A new study by Dan P. Ly, an assistant professor in the Division of General Internal Medicine and Health Services Research at the Geffen School of Medicine at the University of California, Los Angeles, finds that physicians prescribed opioids more often to their White patients who complained of new-onset low back pain than to their Black, Asian, and Hispanic patients during the early days of the national opioid crisis, when prescriptions for these powerful painkillers were surging but their dangers were not fully apparent. The research also found that physicians were more likely to prescribe non-steroidal anti-inflammatory drugs, or NSAIDs — a less-powerful alternative — to their patients of color who came to them for back pain care.
Dr. Ly examined nationwide medical claims data from 2006 through 2015 for about 275,000 Medicare beneficiaries who were 66 or older and were experiencing new-onset low back pain. He found that Ly found that, on average, these drugs were dispensed to 11.5 percent of White patients, versus about 10 percent of Black patients. Among patients who seemed to have severe or longer-lasting pain — measured as five or more visits to the doctor for back pain in a year — the differences were starker: 36 percent of White patients were prescribed opioids, versus about 30 percent of Black patients. Physicians also tended to prescribe opioids sooner to their White patients.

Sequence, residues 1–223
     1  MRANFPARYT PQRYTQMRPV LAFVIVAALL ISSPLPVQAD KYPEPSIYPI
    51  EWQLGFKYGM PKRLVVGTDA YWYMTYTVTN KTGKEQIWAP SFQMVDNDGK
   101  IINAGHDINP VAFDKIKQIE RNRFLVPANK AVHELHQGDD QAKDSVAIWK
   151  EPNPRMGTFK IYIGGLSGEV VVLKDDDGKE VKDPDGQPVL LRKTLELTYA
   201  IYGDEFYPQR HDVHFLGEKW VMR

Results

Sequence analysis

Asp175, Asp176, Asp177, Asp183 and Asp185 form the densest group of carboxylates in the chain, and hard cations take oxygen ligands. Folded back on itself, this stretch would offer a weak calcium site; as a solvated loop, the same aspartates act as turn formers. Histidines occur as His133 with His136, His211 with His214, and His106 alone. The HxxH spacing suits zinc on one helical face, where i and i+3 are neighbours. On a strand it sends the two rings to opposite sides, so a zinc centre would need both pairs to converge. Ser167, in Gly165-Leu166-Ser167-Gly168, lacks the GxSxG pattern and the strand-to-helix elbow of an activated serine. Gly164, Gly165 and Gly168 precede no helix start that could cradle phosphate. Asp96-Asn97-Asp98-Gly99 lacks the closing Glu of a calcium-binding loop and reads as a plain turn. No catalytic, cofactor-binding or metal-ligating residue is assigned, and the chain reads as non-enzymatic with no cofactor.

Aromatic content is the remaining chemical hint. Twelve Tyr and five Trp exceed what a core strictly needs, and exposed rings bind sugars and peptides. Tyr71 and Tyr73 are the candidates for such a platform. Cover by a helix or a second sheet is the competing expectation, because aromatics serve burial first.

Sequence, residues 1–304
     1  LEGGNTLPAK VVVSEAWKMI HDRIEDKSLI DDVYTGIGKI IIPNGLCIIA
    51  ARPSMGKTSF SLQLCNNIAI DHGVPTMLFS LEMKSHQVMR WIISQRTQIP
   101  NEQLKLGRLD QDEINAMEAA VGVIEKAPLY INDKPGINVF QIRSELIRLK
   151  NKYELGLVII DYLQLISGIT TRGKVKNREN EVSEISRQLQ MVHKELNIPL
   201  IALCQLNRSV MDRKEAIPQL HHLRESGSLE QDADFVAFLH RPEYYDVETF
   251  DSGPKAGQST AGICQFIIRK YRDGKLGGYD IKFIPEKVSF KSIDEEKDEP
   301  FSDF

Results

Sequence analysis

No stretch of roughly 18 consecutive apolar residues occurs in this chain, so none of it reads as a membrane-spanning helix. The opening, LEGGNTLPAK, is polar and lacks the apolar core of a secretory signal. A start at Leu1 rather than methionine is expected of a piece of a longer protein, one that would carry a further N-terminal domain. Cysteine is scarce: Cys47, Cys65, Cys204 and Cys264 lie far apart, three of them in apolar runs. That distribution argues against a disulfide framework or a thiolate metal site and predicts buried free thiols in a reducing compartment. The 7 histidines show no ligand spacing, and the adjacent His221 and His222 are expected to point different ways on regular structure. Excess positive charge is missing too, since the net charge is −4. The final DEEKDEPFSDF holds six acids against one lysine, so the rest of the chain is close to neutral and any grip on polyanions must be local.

“This appears to be a case of differential treatment of pain or bias by physicians, in which the pain of certain patients deserves opioids and the pain of others does not,” said Dr. Ly. “The fact that, in hindsight, more White patients developed dangerous long-term opioid use doesn’t absolve physicians of this differential treatment.”
The full study, “Association of Patient Race and Ethnicity With Differences in Opioid Prescribing by Primary Care Physicians for Older Adults With New Low Back Pain,” was published in the JAMA Health Forum. It may be accessed here.